I don't agree. I think it's confusing because it's the absence of coverage here rather than the existence of coverage, and it points to where we disagree on the analogy.
Software is copyrightable subject matter. Copyleft hacks that.
Racially disparaging logos are not trademarkable subject matter.
That's probably why you're saying it's not a copyleft-like hack, because it's pushing this logo out of subject matter area entirely.
I'd argue it's a different type of hack: finding a part of the legal system that can be used to put pressure on a bad actor and change their behavior in unrelated areas.
Note specifically that they aren't forbidden from using the name or logo now; they just can't do so exclusively. That part is the cute hack: it removes their incentive to be racist, but doesn't change their racism.
GPL removes the incentive to proprietarize, but doesn't cause proprietary software types to stop mistreating users.
That's not correct for a couple of reasons. The registrations for logos without the word "Redskins" were never challenged, so those are the same as always. There were one or two registrations challenged that had the logo, but that's because the registrations also had the word "Redskins" and the team doesn't use those anymore.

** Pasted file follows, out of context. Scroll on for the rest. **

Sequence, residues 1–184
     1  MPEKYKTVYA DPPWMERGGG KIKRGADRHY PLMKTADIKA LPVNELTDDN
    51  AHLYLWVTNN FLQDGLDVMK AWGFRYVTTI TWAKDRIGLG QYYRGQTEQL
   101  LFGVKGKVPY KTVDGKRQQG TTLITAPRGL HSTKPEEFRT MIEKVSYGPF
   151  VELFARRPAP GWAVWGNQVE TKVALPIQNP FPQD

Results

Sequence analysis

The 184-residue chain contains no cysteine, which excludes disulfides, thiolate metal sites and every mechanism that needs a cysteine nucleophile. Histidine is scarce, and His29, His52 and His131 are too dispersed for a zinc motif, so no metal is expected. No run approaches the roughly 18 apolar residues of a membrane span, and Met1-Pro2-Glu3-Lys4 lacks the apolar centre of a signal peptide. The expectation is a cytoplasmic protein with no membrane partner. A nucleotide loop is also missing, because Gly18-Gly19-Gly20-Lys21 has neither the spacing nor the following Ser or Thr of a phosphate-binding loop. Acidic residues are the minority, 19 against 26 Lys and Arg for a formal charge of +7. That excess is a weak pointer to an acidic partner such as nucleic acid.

Second, and mentioned in my other comment, you are mistaken that the Redskins would no longer have exclusive use. The word "Redskins" is quite likely enforceable nationwide as an unregistered trademark, probably under federal law as well as state law.
The most significant financial effect is that, in theory, once the registrations are actually cancelled (which is still years away) the NFL could no longer have counterfeit goods seized by Customs at the border. But no one imports JUST counterfeit Redskins jerseys, they come in in containers of all the teams' jerseys. So they would be caught up anyway. But I think this ramification from the cancellation of the registrations is the most significant one.